We inoculated six common annual bedding plant species with the vesicular-arbuscular mycorrhizal fungus Glomus intraradices Schenck & Smith using two fertilizer P concentrations (3 or 15 μg·mL-1) and three inoculation timings (inoculation at sowing, at transplanting, or at both times). The plant species used were: Salvia splendens F. Sellow ex Roem. & Schult. cv. Firecracker Rose; Impatiens walleriana Hook. f. cv. Sun and Shade Royal Red; Tagetes patula L. cv. Girls Golden; Petunia ×hybrida Hort. Vilm.-Andr. cv. Freedom Blue; Coleus ×hybridus Voss. cv. Jazz Salmon; and Viola ×wittrockiana Gams. cv. Majestic Giant White. In general, Coleus, Petunia, and Viola were colonized more than were Impatiens, Tagetes, and Salvia. Inoculation at sowing required less inoculum than either of the other methods. Moreover, it was generally as effective in promoting colonization as double inoculation, and was often more effective than inoculation at transplanting. Mycorrhizal colonization was significantly reduced by the higher P concentration. The use of Myconate®, a water-soluble form of the flavonoid formononetin, significantly stimulated colonization in Salvia.
Wesley C. Randall and Roberto G. Lopez
compared with those under HPS lamps; and stem diameter of geranium, marigold, and snapdragon was 8% to 16% greater under 85:15 red:blue LEDs compared with seedlings grown under HPS lamps. To our knowledge, no studies have compared annual bedding plant
Erin James and Marc van Iersel
The negative effects of nutrient runoff on the environment has come more to the forefront of greenhouse issues in the past few years. Alternative irrigation systems that reduce or eliminate runoff that are widely used in Europe have not yet gained much popularity in the southeastern United States, in part due to a lack of available information on their use. One such system is ebb-and-fl ow, which is a completely closed recirculating system, having no runoff whatsoever. In order to learn more about optimum growing practices using the ebb-and-fl ow system for bedding plants, marigolds and sunflowers were grown under a variety of conditions. After a 6-week period, pH of growing media of both marigolds and sunflowers decreased by 1, while EC increased by ≈1 dS/m. There were also significant differences in EC due to the different media types. The soilless medium with the highest percentage of vermiculite and lowest percentage of pine bark had the highest EC. Different types of fertilizer and fertilizer rates will be discussed, as well as interactions between fertilizer and media.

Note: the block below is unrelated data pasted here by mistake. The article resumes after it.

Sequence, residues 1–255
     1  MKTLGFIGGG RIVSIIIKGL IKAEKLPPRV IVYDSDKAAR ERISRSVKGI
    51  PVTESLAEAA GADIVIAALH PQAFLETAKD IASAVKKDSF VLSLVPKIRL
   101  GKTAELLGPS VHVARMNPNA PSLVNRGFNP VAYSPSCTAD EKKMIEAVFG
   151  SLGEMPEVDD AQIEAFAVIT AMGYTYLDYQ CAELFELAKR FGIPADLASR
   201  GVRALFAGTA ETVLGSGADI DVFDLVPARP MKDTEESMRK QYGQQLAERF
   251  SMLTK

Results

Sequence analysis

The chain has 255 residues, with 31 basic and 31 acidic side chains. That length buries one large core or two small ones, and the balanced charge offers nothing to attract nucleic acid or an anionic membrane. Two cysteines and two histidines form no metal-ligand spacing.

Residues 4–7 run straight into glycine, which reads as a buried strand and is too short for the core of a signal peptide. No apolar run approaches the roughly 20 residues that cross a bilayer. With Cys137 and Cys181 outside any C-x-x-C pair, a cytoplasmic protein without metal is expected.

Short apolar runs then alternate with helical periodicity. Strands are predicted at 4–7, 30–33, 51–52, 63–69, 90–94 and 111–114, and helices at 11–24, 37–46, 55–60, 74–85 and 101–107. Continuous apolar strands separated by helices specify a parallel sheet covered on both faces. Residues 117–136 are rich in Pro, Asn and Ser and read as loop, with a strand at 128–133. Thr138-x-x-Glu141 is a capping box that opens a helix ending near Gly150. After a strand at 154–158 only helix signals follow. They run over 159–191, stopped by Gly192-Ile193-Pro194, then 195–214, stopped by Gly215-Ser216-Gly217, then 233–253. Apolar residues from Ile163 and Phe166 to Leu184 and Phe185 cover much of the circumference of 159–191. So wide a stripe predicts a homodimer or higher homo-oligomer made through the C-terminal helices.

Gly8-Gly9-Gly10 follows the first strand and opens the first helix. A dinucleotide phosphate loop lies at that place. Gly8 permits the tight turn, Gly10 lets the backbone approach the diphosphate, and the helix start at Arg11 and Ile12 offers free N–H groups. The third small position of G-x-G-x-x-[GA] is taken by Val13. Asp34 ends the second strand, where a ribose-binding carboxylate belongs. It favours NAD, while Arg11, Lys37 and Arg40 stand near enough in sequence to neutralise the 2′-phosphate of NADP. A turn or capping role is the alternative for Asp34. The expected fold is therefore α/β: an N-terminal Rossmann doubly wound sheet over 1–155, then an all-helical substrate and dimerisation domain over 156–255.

Jeff S. Kuehny, Matt Taylor, and Michael R. Evans
Bedding plants are one of the primary products of the floriculture industry. In the United States, the wholesale value for bedding and garden plants in 2007 was ≈$6.5 billion, which was 58% of total gross sales for floriculture crops [ U
J.E. Barrett, R.K. Schoellhorn, C.A. Bartuska, D.G. Clark, and T.A. Nell
Uniconazole was applied as a spray to the surface of container media prior to planting bedding plant plugs. This medium spray was compared to a standard whole-plant spray applied 2 weeks after planting. For petunia (Petunia ×hybrida Vilm.) and coleus (Solenostemon scutellarioides L.) the efficacy of the medium spray was similar to the whole-plant spray. However, for impatiens (Impatiens wallerana Hook. f.) and vinca [Catharanthus roseus (L.) G. Don.] the medium spray had greater efficacy than the whole-plant spray. Increased concentrations of uniconazole in the medium spray decreased plant height; however, the effect of higher concentrations was greater in a medium with out pine bark compared to a medium with pine bark as a component. In the above experiments, uniconazole was applied in a volume of 200 mL·m-2. In a test where spray volume varied, there was a negative linear relationship between plant height and spray volume. Chemical name used: (E)-(+)-(S)-1-(4-chlorophenyl)-4,4-dimethyl-2-(1,2,4-triazol-1-yl)-pent-1-ane-3-ol (uniconazole).